Appearing on "America's Newsroom," Kurtz said New York Magazine correspondent Olivia Nuzzi was correct when she said many Washington journalists will feel "uncomfortable" pushing Biden officials in a way they never did with the Trump administration.
"She's also right that there is a backlash from more left-wing journalists against any working reporter who dares to portray anybody from Trump world with a little bit of sympathy, treating them as human beings," Kurtz said. "It's like if you don't trash Jared [Kushner] and Ivanka [Trump], you're out of the cool kids club. And that's been a dangerous trend, and suddenly we will not see that during the Biden administration."
Noting the comparatively gentle tenor of questions to Biden during the campaign and transition, Kurtz said reporters liked the return of "normalcy" they think Biden's victory symbolizes.
"I don't think most reporters want to be patted on the head," he said. "I do think they like to be respected and not attacked as enemy of the American people and all of that ... but there's little question that much of the news business for the last four years has treated President Trump as a dangerous liar and used that to justify a blatant double standard in the coverage.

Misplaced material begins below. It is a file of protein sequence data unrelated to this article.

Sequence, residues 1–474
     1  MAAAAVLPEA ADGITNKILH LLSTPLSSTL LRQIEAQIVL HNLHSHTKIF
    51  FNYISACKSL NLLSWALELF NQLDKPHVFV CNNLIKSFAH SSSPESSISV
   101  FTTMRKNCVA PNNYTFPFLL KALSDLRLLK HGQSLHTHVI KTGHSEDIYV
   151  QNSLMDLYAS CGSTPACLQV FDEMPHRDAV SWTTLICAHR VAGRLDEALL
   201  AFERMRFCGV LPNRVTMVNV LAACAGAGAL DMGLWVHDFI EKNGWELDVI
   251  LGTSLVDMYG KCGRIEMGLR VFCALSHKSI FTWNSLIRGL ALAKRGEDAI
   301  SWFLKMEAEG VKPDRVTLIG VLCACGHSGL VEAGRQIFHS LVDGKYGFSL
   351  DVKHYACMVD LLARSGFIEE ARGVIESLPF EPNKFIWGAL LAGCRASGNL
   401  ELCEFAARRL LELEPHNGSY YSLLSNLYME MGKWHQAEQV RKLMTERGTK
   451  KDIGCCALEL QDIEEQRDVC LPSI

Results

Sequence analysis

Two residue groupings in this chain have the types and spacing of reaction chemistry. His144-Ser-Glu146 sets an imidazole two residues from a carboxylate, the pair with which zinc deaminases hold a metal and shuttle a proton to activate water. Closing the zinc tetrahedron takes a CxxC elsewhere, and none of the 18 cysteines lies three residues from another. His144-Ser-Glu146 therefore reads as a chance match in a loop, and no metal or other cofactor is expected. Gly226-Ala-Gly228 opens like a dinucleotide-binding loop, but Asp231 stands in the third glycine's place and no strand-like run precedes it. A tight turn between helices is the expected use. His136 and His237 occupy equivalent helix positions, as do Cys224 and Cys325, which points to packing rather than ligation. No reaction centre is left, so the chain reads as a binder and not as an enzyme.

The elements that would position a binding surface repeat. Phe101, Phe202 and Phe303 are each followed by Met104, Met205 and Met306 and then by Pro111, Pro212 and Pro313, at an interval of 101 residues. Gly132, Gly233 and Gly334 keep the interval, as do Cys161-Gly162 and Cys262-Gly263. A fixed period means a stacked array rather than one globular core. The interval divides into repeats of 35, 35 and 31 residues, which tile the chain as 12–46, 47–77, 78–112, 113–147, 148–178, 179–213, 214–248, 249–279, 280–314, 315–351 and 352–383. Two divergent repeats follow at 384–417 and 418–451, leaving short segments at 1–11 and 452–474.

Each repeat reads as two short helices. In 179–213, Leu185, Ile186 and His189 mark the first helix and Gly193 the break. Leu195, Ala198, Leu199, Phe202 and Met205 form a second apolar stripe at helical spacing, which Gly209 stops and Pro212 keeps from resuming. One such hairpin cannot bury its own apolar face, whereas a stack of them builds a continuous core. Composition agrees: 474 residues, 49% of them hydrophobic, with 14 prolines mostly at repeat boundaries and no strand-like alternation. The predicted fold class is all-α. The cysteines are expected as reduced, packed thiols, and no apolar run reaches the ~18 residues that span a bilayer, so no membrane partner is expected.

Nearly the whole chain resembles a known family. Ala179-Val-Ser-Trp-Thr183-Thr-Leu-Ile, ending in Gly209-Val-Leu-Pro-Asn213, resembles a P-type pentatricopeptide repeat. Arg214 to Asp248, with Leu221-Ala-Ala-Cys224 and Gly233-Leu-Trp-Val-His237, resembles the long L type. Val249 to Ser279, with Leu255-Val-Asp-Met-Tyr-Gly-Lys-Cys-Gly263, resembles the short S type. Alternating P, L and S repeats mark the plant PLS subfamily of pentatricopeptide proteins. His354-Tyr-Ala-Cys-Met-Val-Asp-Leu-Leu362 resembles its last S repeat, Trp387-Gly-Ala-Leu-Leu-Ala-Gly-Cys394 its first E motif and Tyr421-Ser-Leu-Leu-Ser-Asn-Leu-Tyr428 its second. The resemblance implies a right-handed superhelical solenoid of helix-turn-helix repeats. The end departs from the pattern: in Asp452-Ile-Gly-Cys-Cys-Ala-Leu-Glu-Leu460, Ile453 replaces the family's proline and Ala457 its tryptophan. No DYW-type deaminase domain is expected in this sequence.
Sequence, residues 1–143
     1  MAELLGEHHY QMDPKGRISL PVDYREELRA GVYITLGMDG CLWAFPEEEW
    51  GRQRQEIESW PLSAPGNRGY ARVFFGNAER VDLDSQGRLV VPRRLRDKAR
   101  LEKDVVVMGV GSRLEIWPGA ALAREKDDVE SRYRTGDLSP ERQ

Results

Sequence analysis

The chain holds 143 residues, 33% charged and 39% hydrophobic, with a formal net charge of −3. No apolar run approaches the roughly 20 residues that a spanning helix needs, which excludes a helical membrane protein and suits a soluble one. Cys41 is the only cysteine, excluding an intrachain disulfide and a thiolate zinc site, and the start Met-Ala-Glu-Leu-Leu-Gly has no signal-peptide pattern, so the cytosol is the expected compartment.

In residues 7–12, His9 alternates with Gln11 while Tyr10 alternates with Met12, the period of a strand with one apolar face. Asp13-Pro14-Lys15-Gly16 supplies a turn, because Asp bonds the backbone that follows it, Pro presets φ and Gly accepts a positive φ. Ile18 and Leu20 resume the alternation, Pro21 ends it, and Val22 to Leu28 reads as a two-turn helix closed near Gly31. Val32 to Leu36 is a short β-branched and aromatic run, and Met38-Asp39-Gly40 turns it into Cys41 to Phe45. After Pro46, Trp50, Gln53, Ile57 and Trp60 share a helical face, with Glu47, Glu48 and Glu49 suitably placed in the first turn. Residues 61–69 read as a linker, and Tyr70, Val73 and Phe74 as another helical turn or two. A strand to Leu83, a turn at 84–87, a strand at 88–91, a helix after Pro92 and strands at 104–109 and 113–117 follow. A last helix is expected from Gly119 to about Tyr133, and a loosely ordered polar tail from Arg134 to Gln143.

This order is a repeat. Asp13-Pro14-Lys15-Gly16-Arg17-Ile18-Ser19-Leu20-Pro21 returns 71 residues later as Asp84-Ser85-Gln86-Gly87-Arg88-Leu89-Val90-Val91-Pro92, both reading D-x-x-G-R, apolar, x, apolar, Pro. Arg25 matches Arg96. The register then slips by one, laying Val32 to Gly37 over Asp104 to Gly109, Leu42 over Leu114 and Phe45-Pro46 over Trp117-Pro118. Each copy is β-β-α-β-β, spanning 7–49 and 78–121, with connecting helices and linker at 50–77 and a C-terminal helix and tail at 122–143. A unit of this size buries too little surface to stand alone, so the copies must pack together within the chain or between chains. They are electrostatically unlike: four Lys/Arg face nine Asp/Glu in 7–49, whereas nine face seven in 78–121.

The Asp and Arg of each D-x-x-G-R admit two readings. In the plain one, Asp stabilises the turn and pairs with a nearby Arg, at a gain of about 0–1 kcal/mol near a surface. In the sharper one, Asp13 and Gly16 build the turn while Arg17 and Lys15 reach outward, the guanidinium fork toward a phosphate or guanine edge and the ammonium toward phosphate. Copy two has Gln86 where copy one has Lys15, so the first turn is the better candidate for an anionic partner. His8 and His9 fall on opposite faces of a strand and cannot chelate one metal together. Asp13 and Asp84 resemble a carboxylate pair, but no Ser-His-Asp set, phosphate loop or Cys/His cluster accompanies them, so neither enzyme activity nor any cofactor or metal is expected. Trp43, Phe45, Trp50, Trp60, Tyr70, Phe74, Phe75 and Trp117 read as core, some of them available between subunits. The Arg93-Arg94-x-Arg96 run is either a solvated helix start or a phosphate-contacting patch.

"Most reporters happen to like Joe Biden personally. He's been around forever, everyone here in Washington knows him. I've covered him since the 1980s, he's a very nice guy. But there's almost a sense of gratitude in the tone of the questions to Biden for bringing back a sense of normalcy after years of what they would call Trumpian chaos."
In sharp contrast to the mutually antagonistic relationship between most reporters and Trump, Biden's question-and-answer sessions have been cordial. In his first interview since winning the election, NBC News anchor Lester Holt complimented the diversity and experience of his proposed Cabinet.
Other mainstream pundits and reporters also praised Biden's potential Cabinet during their coverage this week. PBS Newshour reporter Yamiche Alcindor cited a Democratic source comparing the group to the Avengers superheroes who will "save us all" to approving laughter from MSNBC anchor Nicolle Wallace. ABC's Martha Raddatz called them "humble" and "lifelong public servants."
Kurtz was also critical during the campaign of journalists for their lack of demand for access to Biden, who gave far fewer press avails than Trump.